Field hockey has been a part of Stanford’s offerings since 1903, and the program won championships before the NCAA officially added women’s titles. The Cardinal have had many field hockey players continue on to Olympic teams, for the US and other nations. So when Guden and her parents, Daniel and Maureen, were deciding on a college choice, they had no reason to question Stanford’s commitment.
“She committed in January of her junior year,” said Daniel, who played football at Holy Cross. “It was a combination of the academics and the athletic excellence that sold her.”
Caroline was awarded a partial scholarship, with a promise that if her field hockey skills continued to progress and she met performance targets, it could become larger. This type of scholarship is common in field hockey.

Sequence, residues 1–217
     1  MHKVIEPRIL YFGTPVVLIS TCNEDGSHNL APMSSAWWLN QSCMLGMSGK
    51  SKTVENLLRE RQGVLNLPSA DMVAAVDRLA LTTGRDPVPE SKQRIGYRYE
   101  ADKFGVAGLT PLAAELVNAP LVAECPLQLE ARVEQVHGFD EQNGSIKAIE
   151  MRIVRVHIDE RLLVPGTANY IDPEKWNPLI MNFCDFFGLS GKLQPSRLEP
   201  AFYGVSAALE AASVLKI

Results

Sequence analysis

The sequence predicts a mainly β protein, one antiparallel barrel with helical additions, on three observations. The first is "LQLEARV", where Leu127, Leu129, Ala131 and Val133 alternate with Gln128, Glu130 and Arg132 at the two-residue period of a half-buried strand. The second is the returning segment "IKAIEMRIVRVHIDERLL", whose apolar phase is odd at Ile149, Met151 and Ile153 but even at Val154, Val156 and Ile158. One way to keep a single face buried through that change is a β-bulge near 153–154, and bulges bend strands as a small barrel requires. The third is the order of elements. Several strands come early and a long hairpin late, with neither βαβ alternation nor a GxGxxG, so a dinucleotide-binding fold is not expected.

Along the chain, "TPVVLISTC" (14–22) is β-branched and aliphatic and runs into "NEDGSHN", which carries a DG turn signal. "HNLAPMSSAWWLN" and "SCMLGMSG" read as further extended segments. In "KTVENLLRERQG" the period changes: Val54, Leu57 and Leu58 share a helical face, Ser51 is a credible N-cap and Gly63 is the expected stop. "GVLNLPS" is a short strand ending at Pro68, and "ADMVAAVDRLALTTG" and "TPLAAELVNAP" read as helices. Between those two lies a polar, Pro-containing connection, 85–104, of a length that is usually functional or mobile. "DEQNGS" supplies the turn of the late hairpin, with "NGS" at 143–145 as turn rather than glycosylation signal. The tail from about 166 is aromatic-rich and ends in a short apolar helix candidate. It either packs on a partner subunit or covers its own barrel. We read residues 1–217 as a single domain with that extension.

After Caroline’s graduation from Milton Academy, the Gudens prepared for her move to the West Coast. She had weekly Zoom calls with her teammates, and nothing seemed amiss with the program. In fact, the players spoke fondly of their 2019 trip to Australia to play and learn in a country where the sport is wildly popular. That doesn’t seem like something a program in financial distress would allow.
Then, last July 8, Guden was at her summer job when she received an email from Stanford’s athletic director saying she had to be on a Zoom call within a half-hour. She assumed it was about the season being postponed because of COVID-19.
“The first thing I noticed was that it was in webinar format, and that seemed odd,” Guden recalled. “Then our AD is on the screen and starts off, ‘OK, I am going to get straight to the point. The 11 sports on this call are being eliminated at the end of the 2020-21 academic year.’ I just blanked out after that.”